No matter students have talent, he said, "I have to treat people with courtesy and respect. The whole point of this exercise is to respect people's gifts, to respect what they can do, to respect their courage."
At 64, the actor is unexpectedly tall and muscular, formal enough to wear a sport coat to class, casual enough to wear his loafers without socks. He has a friendly, unpretentious air marked by exuberant gesturing and quick sentences, coupled with a reserve bordering on shyness.
Known as a veteran actor of the no-nonsense British type, Hopkins has acted in 50 films and an equal number of television projects, plus stage performances and stints as a composer or director.
He's won many of the world's top acting prizes and was knighted by Queen Elizabeth in 1993, but he has also been chided for choosing projects beneath his talent, such as "A Change of Seasons" (1980) with Bo Derek. ("Everyone makes mistakes," he told the class sheepishly.)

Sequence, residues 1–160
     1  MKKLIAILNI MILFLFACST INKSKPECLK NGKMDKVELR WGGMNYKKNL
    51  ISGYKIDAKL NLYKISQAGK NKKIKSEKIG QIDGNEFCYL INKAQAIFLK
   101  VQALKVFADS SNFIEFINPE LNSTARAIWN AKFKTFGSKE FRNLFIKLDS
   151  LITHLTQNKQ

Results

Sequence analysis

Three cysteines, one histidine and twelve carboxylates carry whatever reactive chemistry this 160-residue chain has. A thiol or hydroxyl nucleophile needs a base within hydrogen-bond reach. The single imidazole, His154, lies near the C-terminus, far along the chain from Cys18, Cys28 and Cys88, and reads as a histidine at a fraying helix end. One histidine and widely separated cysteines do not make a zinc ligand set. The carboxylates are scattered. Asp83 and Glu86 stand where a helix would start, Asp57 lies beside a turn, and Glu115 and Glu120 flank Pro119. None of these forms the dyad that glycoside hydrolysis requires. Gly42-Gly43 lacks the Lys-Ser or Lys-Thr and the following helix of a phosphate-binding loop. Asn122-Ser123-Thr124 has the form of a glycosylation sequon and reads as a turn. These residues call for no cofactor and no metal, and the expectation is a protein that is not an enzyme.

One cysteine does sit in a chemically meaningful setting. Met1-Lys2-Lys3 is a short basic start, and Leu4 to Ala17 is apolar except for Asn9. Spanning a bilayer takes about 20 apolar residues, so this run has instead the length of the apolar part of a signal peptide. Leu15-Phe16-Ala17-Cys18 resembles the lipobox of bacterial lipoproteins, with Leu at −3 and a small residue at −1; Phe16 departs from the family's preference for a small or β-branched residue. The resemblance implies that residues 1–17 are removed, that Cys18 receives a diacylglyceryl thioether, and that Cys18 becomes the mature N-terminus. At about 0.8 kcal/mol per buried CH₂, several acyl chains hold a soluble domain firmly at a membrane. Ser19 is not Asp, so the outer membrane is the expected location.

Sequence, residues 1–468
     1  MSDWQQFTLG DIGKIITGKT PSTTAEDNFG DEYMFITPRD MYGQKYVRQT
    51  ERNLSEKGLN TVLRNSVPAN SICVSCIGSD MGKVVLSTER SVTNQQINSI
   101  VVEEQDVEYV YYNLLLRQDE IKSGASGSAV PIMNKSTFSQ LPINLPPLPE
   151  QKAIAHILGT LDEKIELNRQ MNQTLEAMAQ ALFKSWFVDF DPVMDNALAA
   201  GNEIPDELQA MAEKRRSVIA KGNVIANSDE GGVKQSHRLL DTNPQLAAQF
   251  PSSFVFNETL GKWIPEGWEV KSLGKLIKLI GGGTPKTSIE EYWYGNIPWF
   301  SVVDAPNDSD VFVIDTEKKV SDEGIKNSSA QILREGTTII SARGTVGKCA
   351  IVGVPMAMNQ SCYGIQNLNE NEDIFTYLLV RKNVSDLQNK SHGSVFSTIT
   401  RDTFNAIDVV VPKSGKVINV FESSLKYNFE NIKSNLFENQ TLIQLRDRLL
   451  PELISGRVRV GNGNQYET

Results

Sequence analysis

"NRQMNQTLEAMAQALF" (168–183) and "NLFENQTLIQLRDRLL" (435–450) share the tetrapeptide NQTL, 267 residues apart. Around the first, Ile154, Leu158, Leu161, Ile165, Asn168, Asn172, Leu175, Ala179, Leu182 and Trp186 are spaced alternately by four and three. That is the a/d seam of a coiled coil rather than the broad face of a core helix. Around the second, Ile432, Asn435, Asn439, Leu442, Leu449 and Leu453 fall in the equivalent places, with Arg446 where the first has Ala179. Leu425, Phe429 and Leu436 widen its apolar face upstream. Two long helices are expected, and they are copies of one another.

Hopkins will soon be appearing in the comedy "Bad Company" with Chris Rock and has another film scheduled for release later this year, "The Human Stain," with Nicole Kidman. (The film will have some "raunchy" scenes in which he will appear nude, he said.)
He's now filming "Red Dragon," reprising his most famous role, that of killer-psychiatrist Hannibal Lecter, for which he won an Oscar in "The Silence of the Lambs" (1991). He was nominated again for best actor for performances as a repressed English butler in "The Remains of the Day" (1993) and for the title role in "Nixon" (1995).
Ruskin said he so idolized Hopkins that he feared meeting him would be a letdown. In fact, he said, "I was more in awe of him as I got to be around him."
Ruskin, an apprentice of the late Sanford Meisner, the influential director of the Neighborhood Playhouse School of the Theatre in New York, established his acting school 15 years ago. Meisner taught his acting technique, which aims to replace thinking with visceral responses, to thousands of actors, including Robert Duvall, Diane Keaton, Steve McQueen and Grace Kelly.
The Santa Monica school has about 115 students and is forming a nonprofit company, the Parnassus Group Theatre, which will stage performances and offer free classes and tickets to underprivileged students. Hopkins has also offered to direct a company production this fall at Theatre Palisades in Pacific Palisades, Ruskin said.